In this post you'll learn how social determinants fit into predictive analytics models and why they fall short according to three key criteria.
Chief Business Officer at BaseHealth | Senior Healthcare Advisor at Nudge
July 24, 2018
Social Determinants, Predictive Analytics, and Clinical Interventions
While we generally break down the health care engagement continuum into 3 key phases: Outreach, Engagement, and Sustained Involvement; these areas of focus are only addressable once we've been able to fully understand who needs to be engaged.
Note: From there we can leverage Engagement Focused Outreach to begin channeling individuals through the engagement funnel.
Fortunately, recent innovations in predictive analytics have largely answered the question of who to target in population health and interventional programming.
At the same time, discussions about including social determinants of health into analytics models have grown increasingly popular in perception of value as predictors of behaviors. The applications however, are highly nuanced in their predictive analytics value.
Many approaches, such as that pioneered by BaseHealth, in the predictive analytics and clinical intervention space are based on the following criteria:
- Are they proven to be directly causal?
- Are they quantifiable at an individual level?
- Are they intervenable?
Social determinants, as defined by the World Health Organization (WHO), suffer serious deficiencies in each of these criteria.
Deficiency #1: Causality
Most social determinants like zip code are not directly causal, they are indirectly causal.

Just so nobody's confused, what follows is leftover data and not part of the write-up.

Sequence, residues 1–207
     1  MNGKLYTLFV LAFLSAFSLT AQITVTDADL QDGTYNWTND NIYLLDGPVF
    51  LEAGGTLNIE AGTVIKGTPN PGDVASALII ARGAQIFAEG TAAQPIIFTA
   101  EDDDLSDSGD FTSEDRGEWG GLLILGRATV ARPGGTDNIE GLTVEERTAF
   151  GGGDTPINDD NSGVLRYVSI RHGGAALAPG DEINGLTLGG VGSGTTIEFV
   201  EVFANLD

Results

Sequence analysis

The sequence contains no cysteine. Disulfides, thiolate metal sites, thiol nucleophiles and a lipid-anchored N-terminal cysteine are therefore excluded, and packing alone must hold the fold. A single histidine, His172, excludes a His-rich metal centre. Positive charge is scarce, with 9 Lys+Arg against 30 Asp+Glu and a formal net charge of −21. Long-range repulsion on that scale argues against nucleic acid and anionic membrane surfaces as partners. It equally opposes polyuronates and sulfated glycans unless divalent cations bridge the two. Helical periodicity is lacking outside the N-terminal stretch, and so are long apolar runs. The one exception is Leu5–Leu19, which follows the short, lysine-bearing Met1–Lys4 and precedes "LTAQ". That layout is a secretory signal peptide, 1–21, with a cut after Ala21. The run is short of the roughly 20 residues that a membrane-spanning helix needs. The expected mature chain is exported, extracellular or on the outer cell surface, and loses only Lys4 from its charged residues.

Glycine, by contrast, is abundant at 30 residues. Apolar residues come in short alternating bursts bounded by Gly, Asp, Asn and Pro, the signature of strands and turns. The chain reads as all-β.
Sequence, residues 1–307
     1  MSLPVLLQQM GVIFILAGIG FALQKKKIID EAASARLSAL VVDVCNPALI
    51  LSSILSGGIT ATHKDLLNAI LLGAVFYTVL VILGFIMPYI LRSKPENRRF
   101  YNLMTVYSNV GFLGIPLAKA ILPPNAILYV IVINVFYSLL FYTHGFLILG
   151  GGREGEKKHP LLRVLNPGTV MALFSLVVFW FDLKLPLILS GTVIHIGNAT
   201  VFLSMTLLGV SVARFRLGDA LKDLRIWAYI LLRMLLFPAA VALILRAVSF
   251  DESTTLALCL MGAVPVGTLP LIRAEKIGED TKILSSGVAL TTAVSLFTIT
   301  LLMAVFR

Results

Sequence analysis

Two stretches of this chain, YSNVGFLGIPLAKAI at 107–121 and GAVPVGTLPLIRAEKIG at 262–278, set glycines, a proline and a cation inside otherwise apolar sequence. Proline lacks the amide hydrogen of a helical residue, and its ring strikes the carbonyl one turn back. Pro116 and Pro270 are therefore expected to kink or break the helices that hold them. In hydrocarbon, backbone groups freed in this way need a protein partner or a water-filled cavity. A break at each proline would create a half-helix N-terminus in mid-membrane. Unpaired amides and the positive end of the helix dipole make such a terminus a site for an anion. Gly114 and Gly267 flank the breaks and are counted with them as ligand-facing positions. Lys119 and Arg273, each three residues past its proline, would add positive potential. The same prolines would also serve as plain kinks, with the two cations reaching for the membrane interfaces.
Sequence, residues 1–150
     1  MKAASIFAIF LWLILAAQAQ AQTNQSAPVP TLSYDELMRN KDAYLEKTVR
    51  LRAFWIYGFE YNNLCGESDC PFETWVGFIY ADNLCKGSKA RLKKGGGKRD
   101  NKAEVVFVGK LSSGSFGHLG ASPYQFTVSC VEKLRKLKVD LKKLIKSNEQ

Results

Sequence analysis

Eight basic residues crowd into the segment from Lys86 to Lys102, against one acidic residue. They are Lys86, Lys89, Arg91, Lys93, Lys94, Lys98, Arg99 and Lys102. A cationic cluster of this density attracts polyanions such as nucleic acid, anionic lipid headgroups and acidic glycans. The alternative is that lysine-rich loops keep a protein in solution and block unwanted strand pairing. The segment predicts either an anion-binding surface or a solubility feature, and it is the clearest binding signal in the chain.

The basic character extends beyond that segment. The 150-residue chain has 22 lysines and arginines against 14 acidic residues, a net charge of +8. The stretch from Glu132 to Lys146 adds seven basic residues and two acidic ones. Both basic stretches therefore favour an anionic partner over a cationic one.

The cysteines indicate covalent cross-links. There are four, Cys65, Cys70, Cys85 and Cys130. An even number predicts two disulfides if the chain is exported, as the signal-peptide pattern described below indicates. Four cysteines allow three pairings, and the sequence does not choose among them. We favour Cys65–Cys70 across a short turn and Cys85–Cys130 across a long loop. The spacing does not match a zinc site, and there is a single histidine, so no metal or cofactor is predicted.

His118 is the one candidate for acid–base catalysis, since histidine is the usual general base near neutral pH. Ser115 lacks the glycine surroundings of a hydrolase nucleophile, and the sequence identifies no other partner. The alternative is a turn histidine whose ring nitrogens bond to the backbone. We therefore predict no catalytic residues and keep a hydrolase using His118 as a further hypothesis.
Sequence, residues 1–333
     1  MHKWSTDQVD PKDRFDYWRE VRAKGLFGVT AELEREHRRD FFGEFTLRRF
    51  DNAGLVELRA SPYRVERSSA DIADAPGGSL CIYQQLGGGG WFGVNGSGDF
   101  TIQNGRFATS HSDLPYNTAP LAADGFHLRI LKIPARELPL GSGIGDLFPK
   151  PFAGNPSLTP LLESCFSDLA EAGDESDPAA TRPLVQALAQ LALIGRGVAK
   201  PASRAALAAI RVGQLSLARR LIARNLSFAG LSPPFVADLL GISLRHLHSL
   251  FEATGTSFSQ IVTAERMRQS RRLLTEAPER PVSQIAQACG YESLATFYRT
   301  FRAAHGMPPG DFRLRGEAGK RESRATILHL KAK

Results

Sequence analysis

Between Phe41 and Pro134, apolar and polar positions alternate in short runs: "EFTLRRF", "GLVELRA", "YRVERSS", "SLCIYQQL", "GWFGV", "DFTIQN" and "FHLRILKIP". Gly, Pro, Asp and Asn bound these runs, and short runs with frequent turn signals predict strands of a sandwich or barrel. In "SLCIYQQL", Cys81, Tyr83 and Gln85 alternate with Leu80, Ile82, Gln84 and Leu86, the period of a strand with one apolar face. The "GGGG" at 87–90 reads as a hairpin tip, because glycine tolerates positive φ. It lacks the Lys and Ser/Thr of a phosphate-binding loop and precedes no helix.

Factors like income, education level and access to public transportation are obviously not directly causing the onset of any specific conditions, but they can be associated statistically.
Since BaseHealth models most of the causal risk factors, adding social determinants directly to the model would amplify some risk factors while suppressing others.
Deficiency #2: Quantifiability at Individual Level
Though social determinants can be easily observed and reported in populations, it is much harder to assign effects from these determinants to specific individuals.
There are not many methods of measuring social determinants at a standardized individual level, since they are all baskets of various underlying characteristics and behaviors within a population.
Data about some determinants (such as being a care giver to an incapacitated patient) are actually very hard to collect because they require information about relationships that are hardly ever collected.
Deficiency #3: Intervenability
Interventions for most social determinants can mostly be applied at a political/systemic level, most of these determinants are not addressable at an individual level.
Note: The risk factors that they are associated with, can be intervened at an individual level.
This said, there are certain well defined narrow contexts where we could use some well proven social determinants to improve our understanding of the liability within a population.
For example, if information is available about whether a person lives close to a major highway or not, we could use that, along with other risk factors we have about that person, to sharpen our associative model with respect to lung problems.
We would likely have a better liability estimate, and improvement in ranking the members for interventions using this information. However, note that the interventions would still be for the other known causal risk factors, since the only intervention opportunity afforded for the location information, is to have the member move, which is not practical.
In short, there is limited application of social determinants in causal analytics models. They can however be used to sharpen cohort predictions in associative analysis models. Contributions of adding these determinants would be weighted towards sharpening liability measurements rather than finding new interventions.
Social determinants have a critical role to play within the population health management and engagement paradigm, providing an additional lens for populational analysis and understanding.
However, it's in addition to other factors, such as readiness for change and other behavioral elements, that we can truly optimize outreach, engagement, and sustainability efforts.